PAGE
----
The Productivity-Wage Nexus in Selected OECD Countries

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Information about The Productivity-Wage Nexus in Selected OECD Countries

Published on July 12, 2016

Author: Structuralpolicyanalysis

Source: slideshare.net

1. The Productivity-Wage Nexus in Selected OECD Countries Andrew Sharpe Executive Director Centre of the Study of Living Standards Presented to the 2016 Conference of the Global Forum on Productivity Session on Productivity Divergence and Wage Inequality in Lisbon, July 7-8, 2016 1

2. Overview I. Introduction II. Analytical Framework III. Results for Selected OECD Countries IV. Explanations for the Trends in the Productivity-Wage Gap V. Implications for Social Inclusion 2

3. Decomposing the Relationship between Labour Productivity Growth and Median Real Wages There are two key relationships, each with two underlying components: 1) Productivity (output per hour) and average hourly labour compensation, mediated by: • Share of labour income in GDP • Differences between the producer wage (wage/GDP deflator) and the consumer wage (wage/CPI) 2) Average hourly labour compensation versus median hourly labour compensation, mediated by: • Differences in labour income estimates from national accounts and household surveys • Differences in median and average hourly labour income 3

4. II. Analytical Framework • An accounting identity connects consumption wages and labour productivity: • By rearranging and differentiating logarithmically, we obtain: (1) (2) 4

5. II. Analytical Framework • We define the productivity-wage gap as: • By substituting (3) into (2), we obtain: • Finally, we define: (3) (4) (5) (6) 5

6. II. Analytical Framework • By substituting (5) and (6) into (4) we obtain our decomposition: (7) 6

7. III. Results for OECD Countries • Results provided generally for the period of 1986 to 2010/13, varying by country depending upon availability of household survey data from the Luxembourg Income Study in: ‒ Canada ‒ Denmark ‒ Finland ‒ France ‒ Germany ‒ Ireland ‒ Netherlands ‒ Norway ‒ Spain ‒ United Kingdom ‒ United States 7

8. Percentage point contribution 1986-2010 Labour Productivity Growth (per cent per year) Median Hourly Real Labour Income Growth (per cent per year) Productivity- Wage Gap (percentage points per year) Inequality Data Source Differences Labour’s Terms of Trade (inverse contribution) Labour’s Share of Income (inverse contribution) United States‡ 1.63 0.15 1.47 0.52 0.24 0.57 0.16 Germany⁺ 1.39 0.05 1.34 0.38 -0.07 0.59 0.44 France 1.71 0.88 0.83 -0.06 0.71 0.18 0.01 Denmark* 1.61 0.97 0.64 0.01 0.67 0.02 -0.06 Canada* 1.18 0.57 0.62 0.36 0.15 -0.02 0.12 United Kingdom‡ 1.65 1.26 0.39 0.49 0.10 -0.32 0.11 Netherlands 1.27 0.98 0.29 0.09 -0.13 0.06 0.26 Finland† 2.20 2.06 0.14 0.11 -0.22 -0.04 0.29 Spain‡ 1.05 1.29 -0.24 0.23 -0.27 -0.01 -0.18 Norway 1.80 2.09 -0.28 0.22 0.26 -1.16 0.38 Ireland⁺ 3.75 4.11 -0.36 0.88 -2.03 0.20 0.57 *1987-2010; †1987-2013; ⁺1994-2010; ‡1986-2013 8 Summary of Results on the Productivity-Wage Nexus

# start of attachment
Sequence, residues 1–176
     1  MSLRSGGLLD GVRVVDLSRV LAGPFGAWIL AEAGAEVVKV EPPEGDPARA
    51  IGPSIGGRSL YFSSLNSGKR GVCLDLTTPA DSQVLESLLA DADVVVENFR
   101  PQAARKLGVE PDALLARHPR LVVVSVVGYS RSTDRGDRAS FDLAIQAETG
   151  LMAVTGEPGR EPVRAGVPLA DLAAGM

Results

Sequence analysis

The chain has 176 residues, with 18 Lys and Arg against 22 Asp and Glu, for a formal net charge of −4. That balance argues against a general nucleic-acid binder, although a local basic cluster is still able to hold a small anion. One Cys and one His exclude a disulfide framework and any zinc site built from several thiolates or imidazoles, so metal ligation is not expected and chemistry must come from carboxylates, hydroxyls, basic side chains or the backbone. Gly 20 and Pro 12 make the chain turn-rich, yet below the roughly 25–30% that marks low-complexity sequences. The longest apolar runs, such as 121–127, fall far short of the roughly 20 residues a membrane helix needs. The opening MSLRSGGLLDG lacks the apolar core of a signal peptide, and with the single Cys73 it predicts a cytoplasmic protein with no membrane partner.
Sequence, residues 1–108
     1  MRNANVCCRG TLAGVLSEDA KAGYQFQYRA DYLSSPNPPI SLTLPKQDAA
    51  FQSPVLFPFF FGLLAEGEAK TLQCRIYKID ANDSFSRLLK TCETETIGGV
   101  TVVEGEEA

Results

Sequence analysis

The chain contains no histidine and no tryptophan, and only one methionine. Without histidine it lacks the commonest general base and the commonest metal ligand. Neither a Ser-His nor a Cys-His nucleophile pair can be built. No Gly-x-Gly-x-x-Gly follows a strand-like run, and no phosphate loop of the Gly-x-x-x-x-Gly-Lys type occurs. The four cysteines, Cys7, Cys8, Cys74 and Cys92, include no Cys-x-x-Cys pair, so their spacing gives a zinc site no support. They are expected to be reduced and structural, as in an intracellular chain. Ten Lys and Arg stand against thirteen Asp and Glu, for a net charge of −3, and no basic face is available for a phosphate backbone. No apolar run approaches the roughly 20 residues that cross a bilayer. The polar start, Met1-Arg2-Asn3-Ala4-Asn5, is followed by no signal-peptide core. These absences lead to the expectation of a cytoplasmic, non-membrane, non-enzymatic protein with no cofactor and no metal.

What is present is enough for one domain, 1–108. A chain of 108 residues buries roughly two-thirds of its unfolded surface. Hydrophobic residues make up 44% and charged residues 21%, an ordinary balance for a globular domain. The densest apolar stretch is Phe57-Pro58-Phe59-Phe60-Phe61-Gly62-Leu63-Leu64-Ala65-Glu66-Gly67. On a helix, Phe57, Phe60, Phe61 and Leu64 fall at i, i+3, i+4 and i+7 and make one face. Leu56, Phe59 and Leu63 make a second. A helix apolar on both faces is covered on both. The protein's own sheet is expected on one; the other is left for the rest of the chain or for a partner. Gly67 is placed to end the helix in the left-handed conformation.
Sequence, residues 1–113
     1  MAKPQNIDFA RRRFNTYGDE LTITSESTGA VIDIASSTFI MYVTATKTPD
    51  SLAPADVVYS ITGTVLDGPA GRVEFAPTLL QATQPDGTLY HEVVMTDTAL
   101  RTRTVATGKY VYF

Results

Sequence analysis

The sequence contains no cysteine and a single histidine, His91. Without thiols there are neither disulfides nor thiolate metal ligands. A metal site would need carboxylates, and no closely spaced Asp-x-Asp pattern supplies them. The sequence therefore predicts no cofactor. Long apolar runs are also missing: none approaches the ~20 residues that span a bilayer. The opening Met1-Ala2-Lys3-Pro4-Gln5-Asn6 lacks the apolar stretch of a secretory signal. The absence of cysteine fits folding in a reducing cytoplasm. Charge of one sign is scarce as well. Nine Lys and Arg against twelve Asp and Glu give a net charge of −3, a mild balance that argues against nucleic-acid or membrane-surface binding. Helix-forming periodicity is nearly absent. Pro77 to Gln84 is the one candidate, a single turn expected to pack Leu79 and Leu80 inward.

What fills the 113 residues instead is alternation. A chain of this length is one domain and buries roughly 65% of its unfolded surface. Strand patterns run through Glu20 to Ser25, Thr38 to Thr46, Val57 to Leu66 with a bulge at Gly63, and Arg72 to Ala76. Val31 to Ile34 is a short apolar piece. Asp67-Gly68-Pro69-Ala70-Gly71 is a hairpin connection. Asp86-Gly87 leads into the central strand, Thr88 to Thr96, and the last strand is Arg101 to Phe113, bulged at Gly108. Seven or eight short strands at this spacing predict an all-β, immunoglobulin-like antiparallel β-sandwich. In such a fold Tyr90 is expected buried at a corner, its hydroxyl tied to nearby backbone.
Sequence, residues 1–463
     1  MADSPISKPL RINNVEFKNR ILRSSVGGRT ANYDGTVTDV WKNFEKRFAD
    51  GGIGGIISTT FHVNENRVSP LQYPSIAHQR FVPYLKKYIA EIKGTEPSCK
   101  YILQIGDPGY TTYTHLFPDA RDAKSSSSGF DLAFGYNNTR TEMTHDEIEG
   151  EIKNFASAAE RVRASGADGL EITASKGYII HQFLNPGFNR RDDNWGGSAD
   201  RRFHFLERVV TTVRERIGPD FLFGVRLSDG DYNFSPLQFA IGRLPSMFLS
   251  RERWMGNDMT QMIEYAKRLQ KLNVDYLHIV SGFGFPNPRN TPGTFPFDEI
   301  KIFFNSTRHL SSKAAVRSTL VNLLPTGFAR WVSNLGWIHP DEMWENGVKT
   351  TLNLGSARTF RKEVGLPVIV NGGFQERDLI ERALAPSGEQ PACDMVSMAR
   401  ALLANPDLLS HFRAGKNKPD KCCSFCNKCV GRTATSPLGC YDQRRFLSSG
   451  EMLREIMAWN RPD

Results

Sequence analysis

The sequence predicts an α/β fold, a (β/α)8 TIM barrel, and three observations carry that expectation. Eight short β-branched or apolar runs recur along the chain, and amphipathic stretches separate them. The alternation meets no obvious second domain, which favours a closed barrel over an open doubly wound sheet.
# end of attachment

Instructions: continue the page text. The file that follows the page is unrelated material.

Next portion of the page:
9. Productivity-Wage Gap, 1986 to 2010/13, percentage points per year -0.5 0 0.5 1 1.5 2 9

10. Ratio of Average to Median Hourly Real Wage, 2010/13, per cent 80 90 100 110 120 130 140 150 160 10

11. Contribution to the Productivity-Wage Gap: Inequality, 1986 to 2010/13, percentage points per year -0.5 -0.25 0 0.25 0.5 0.75 1 11

12. Contribution to the Productivity-Wage Gap: Data Source Differences, 1986 to 2010/13, percentage points per year -1.5 -1 -0.5 0 0.5 1 1.5 12

13. Reasons for Data Source Differences • Household surveys fail to capture top income earners • Treatment and potential underestimation of SLI and fringe benefits by household surveys 13

14. Contribution to the Productivity-Wage Gap: Labour’s Share of Income, 1986 to 2010/13, percentage points per year -0.5 -0.25 0 0.25 0.5 0.75 1 14

15. Change in Labour’s Share of Income, 1986 to 2010/13, percentage points -12 -10 -8 -6 -4 -2 0 2 4 15

16. Contribution to the Productivity-Wage Gap: Labour’s terms of trade, 1986 to 2010/13, percentage points per year -1.5 -1 -0.5 0 0.5 1 16

17. CPI and GDP Deflator Growth, 1986 to 2010/13, per cent per year 0 1 2 3 4 5 CPI GDP Deflator 17

18. IV. Explanation for the Trends in the Productivity-Wage Gap • Measurement issues • Discrepancies between the CPI and GDP Deflator – Export Prices – ICT investment • Bargaining power changes linked to – Globalization – Skill-biased technological change 18

19. V. Implications for Societal Inclusion • There will be less political support for productivity- enhancing policies if productivity gains are not equitably shared • Growing labour market inequality contributed to increased overall inequality if tax and transfers do not offset labour market inequality trends • The incentives for employees to work hard will diminish if employees believe that they are not receiving their fair share of productivity gains • Countries with large gaps between productivity and wages are less successful in the OECD Living Standards, especially in the equality component of the index 19

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